The best writing app of 2019
Warning: This review includes anecdotal evidence and is completely biased. For a comprehensive review check this. Also, I focus on software made primarily for Apple devices, but most of them should work everywhere.
I’ve been testing a writing app. What’s the point of a “writing app” you’re asking? Isn’t every notes app a writing app?
Well, in this postmodern universe, nothing is so simple anymore.
As with games, camera gear, and mechanical keyboards, there are communities of people discussing the best writing app. Also called a word processor, there usually isn’t a clear winner. Because in something that seems simple, it is more nuanced than ever.
And if you’re like me, and you like to type away thoughts regularly, you will contemplate whether investing (that’s how we justify these purchases) in this piece of software is worth it.
Recently, I got an iPad and a keyboard case. I haven’t use an iPad since the iPad 2, and back then it was just a large iPhone that didn’t work.
I’m loving the iPad. I don’t touch the MacBook unless I need to use Adobe. They optimized the human-computer interaction to a maximum on this device. It’s designed for perfect focus on a few tasks. Yes, that means you can’t do everything, and neither should you.
However, those tasks it carries out with a delightful elegance that makes you want to come back for more.
It makes work pleasant. It makes it natural. And that’s what we want, don’t we?
These are the attributes I am looking for in an app:
No stress file management — cross platform use
Comfortable — make it attractive
Inexpensive — it still just a word processor
Tools — counters, goals, and export options
I have to point out that if you want a comprehensive review, I’m not sure one can do better than this. Adrian does a great job dissecting the features of most of the apps on the market, and adds a some anecdotes from his considerable writing experience. So there you go, you’re welcome.
As I’m settling down to write long-form, I’ve been feeling a little disorganized with the current way of handling drafts.
The status quo goes like this: I scribble down ideas in a physical notebook or in the notes app on iOS / Mac. Then I go into FocusWriter (more on that later maybe) and write Hemingway mode. That means focus mode writing only, no editing, deleting, second-guessing, obsessing, contemplating the Aristotelian ethics. None of that. Brute force typing. It’s disgusting.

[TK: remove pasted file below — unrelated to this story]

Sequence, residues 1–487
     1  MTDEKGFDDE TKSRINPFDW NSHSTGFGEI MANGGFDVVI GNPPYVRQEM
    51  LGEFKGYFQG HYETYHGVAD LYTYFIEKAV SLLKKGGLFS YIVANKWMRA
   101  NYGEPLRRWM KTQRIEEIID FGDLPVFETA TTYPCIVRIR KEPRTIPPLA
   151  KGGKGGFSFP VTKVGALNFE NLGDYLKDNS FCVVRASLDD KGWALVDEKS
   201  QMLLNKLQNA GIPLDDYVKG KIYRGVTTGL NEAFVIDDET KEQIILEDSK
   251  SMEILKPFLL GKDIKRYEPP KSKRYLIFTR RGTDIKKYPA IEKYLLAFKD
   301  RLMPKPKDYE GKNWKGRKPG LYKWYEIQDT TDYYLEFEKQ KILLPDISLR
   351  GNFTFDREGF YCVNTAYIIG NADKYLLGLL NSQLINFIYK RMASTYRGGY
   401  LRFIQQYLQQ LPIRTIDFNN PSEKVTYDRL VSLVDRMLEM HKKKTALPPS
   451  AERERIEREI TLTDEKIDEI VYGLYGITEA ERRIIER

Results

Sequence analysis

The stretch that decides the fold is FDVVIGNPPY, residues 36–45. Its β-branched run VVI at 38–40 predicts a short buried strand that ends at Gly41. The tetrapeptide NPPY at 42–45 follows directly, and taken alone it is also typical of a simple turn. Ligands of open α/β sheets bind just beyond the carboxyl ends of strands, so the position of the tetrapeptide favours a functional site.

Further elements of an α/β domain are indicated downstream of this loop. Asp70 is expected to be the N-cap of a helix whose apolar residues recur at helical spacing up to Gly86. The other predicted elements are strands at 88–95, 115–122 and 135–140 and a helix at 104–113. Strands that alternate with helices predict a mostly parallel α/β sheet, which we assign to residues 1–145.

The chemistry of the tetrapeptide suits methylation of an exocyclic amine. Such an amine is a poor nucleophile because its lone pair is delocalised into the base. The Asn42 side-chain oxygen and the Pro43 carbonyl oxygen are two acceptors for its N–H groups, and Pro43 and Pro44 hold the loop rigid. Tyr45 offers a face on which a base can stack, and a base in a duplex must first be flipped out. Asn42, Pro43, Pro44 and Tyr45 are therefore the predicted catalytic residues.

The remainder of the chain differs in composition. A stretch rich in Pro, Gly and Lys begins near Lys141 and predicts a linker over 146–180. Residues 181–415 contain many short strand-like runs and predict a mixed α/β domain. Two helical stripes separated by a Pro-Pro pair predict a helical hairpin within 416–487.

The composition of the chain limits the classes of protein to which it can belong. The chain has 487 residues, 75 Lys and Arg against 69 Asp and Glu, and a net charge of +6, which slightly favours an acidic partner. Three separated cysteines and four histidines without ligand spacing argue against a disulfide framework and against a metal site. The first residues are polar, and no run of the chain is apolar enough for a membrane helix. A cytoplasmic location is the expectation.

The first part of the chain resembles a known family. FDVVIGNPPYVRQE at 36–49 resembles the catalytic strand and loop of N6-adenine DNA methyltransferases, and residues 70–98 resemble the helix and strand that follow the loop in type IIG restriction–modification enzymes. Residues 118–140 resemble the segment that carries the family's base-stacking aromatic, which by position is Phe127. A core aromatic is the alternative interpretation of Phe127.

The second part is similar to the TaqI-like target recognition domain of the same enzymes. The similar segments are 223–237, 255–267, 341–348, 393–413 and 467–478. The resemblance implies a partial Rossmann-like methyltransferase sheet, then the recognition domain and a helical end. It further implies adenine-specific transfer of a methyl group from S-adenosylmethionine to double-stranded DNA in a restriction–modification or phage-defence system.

Then, I copy-paste the contents into an editor and / or a secondary grammar checker. We do not excuse sloppiness in this house.
Finally, I copy-paste into Medium and add the final formatting, links, and media. This process has become clunky so I’m looking to remove some of the steps.
It’s worth mentioning the type of writer I am, so you can relate to these experiences. I write daily for my blog; I write copy for commercial communication, and I’m sure I have a few books in me. Writing is essential to my daily work so I’m willing to do whatever it takes to make it more pleasurable.
For this review slash comparison, these are the apps worth-mentioning as a go-to writing solution with cloud sync as a non-negotiable feature:
Apple Notes / Evernote
Apple Notes doesn’t feel right and I know no one who uses it as a primary app for anything. The formatting is awkward. It lacks export options, the workspace settings are limited and you have to go to another app to access them.
But it’s free, it’s simple, so I would call it the gateway app into the space of cloud based note taking.
Evernote would be very similar as Notes with a lot more options and cross platform support. The free version is in fact well-packed with features, which makes you wonder how the company makes money. Then maybe they don’t.